Which method of contraception is right for you?

Most women, when they first give birth, are rarely ready to conceive a second baby. However, if you do not equip yourself with knowledge of postpartum contraception, you may experience "ruptured family planning". So, knowing the safe and effective postpartum birth control methods will help you avoid unwanted pregnancy.

In order to take good care of their children, besides learning how to raise children, parents also need a reasonable birth plan. At that time, you will probably need contraception that is right for you, especially after the baby is born. aFamilyToday Health will introduce some other notes about contraceptive methods so you can choose one according to your desires and plans.

When should you use birth control after giving birth?

This depends on how you are raising the baby. At birth, instead of feeding your baby with formula or a combination of breast milk and formula, your period will soon return in about 6 weeks to 3 months. If you have sex after giving birth , you could be pregnant for two weeks before your period comes knocking on your door. So, as a precaution, you can use birth control after 3 to 4 weeks after your baby is born.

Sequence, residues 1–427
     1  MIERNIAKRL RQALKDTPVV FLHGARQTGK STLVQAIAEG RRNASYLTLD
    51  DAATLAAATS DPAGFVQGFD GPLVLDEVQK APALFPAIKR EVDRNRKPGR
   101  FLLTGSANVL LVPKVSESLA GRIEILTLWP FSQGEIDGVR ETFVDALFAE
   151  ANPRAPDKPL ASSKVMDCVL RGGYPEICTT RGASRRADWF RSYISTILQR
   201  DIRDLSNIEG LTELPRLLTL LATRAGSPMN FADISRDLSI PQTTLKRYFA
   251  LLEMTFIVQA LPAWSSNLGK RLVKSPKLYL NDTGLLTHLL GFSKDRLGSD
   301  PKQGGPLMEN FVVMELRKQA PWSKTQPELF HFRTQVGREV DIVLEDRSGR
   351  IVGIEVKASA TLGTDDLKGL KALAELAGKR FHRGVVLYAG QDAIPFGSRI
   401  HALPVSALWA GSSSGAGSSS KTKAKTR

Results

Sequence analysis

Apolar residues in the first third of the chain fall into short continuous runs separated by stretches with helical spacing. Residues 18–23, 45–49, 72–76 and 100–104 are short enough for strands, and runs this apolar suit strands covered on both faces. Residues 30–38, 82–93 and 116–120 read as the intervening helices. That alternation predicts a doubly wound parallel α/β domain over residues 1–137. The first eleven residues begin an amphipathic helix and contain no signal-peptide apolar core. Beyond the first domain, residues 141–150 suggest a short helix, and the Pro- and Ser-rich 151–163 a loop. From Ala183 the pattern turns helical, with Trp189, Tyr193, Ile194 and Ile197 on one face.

The period of breastfeeding only and not yet beginning to breastfeed or drink formula is when you are less likely to become pregnant. When you feed your baby more and more, the amount of hormones stimulating the production of milk increases, thereby blocking the action of the hormone that causes ovulation. However, if you reduce the number of times or stop breastfeeding completely, your period will return and the probability of you becoming pregnant in this case is very high. In general, the possibility of pregnancy during this period is still possible. Therefore, the use of contraceptive methods after giving birth is always necessary to ensure you avoid an unplanned pregnancy.